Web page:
RSF has condemned a three-month ban on the weekly youth magazine “Sinh Vien Vietnam”. The magazine’s cover recently featured naked human statuettes and, last year, displayed a photo-montage of banknotes with an image of late President Ho Chi Minh floating in a toilet bowl.
Calling on Culture and Information Minister Pham Quang Nghi to immediately reverse his 15 July 2003 suspension of “Sinh Vien Vietnam”, RSF said the ban illustrated the difficulty the media faces in dealing openly with certain topics in either words or pictures. The organisation also urged the French embassy in Vietnam to lobby the government on behalf of the magazine, which it supports.
The Culture Ministry said the magazine was suspended under Articles 6 and 10 of the press law for printing “offensive” illustrations. Journalists at the magazine, which is published by the Ho Chi Minh Young Communist Association (linked to the ruling Communist Party), were ordered to engage in public “self-criticism”. The ban can be extended by the Party’s Culture and Ideology Commission.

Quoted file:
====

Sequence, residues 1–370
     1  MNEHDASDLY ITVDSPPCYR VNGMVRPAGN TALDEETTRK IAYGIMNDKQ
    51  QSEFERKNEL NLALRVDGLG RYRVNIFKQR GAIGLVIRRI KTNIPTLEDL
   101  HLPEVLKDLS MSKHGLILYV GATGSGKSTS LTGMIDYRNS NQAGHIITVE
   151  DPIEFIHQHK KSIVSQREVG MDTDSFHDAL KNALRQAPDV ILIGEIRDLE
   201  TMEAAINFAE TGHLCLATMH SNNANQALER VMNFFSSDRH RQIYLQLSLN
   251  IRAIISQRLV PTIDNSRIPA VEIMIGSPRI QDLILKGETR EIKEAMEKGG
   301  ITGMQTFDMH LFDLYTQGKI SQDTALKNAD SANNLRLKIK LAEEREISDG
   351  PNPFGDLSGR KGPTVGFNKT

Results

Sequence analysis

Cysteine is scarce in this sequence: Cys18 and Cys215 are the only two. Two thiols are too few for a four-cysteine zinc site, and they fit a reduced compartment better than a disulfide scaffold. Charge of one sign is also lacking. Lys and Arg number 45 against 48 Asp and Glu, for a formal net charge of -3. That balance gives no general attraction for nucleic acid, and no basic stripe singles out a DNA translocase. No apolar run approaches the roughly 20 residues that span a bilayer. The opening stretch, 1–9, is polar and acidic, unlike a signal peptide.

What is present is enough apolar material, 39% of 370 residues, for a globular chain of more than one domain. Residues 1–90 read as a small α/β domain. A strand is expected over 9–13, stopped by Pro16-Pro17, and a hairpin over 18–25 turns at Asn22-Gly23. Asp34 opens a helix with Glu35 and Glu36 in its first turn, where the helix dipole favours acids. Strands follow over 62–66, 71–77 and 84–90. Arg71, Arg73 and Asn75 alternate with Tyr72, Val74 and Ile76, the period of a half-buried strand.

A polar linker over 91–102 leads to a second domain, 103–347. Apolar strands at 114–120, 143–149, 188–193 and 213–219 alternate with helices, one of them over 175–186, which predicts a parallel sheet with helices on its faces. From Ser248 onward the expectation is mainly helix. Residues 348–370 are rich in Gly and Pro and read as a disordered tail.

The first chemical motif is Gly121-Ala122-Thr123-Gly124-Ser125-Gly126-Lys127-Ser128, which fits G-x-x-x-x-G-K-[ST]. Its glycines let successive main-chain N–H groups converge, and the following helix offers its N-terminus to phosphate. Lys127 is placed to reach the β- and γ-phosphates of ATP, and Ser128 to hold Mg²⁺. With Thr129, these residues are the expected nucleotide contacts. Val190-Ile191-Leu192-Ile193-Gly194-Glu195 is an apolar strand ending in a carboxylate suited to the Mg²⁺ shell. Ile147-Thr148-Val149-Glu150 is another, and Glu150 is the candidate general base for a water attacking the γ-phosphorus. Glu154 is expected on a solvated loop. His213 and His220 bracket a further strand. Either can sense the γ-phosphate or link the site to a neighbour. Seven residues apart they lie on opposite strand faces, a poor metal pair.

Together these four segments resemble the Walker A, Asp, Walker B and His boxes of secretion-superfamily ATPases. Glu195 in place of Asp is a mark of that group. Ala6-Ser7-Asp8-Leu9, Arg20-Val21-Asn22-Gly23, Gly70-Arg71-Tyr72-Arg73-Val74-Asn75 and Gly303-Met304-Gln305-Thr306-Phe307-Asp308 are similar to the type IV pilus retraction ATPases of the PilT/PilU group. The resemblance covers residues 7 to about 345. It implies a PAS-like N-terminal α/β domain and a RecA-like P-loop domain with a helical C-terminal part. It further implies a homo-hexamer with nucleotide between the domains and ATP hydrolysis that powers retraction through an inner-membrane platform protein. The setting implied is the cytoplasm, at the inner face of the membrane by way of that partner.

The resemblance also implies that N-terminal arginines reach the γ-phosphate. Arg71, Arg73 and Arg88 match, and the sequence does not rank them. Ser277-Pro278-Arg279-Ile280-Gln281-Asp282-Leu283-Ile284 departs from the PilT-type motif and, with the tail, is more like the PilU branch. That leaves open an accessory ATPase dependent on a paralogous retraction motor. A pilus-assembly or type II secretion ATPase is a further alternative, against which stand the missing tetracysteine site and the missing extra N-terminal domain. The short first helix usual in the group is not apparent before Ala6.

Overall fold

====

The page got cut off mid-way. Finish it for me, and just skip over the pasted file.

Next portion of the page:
The magazine’s 7 July cover showed a photo of two statuettes of a naked man and woman and the 20 May 2002 issue featured the Ho Chi Minh banknotes. The Agence France-Presse news agency quoted a government official as saying the magazine had “used sensationalist means to get publicity.”
17 July 2003
Source: Reporters sans frontières (RSF), Paris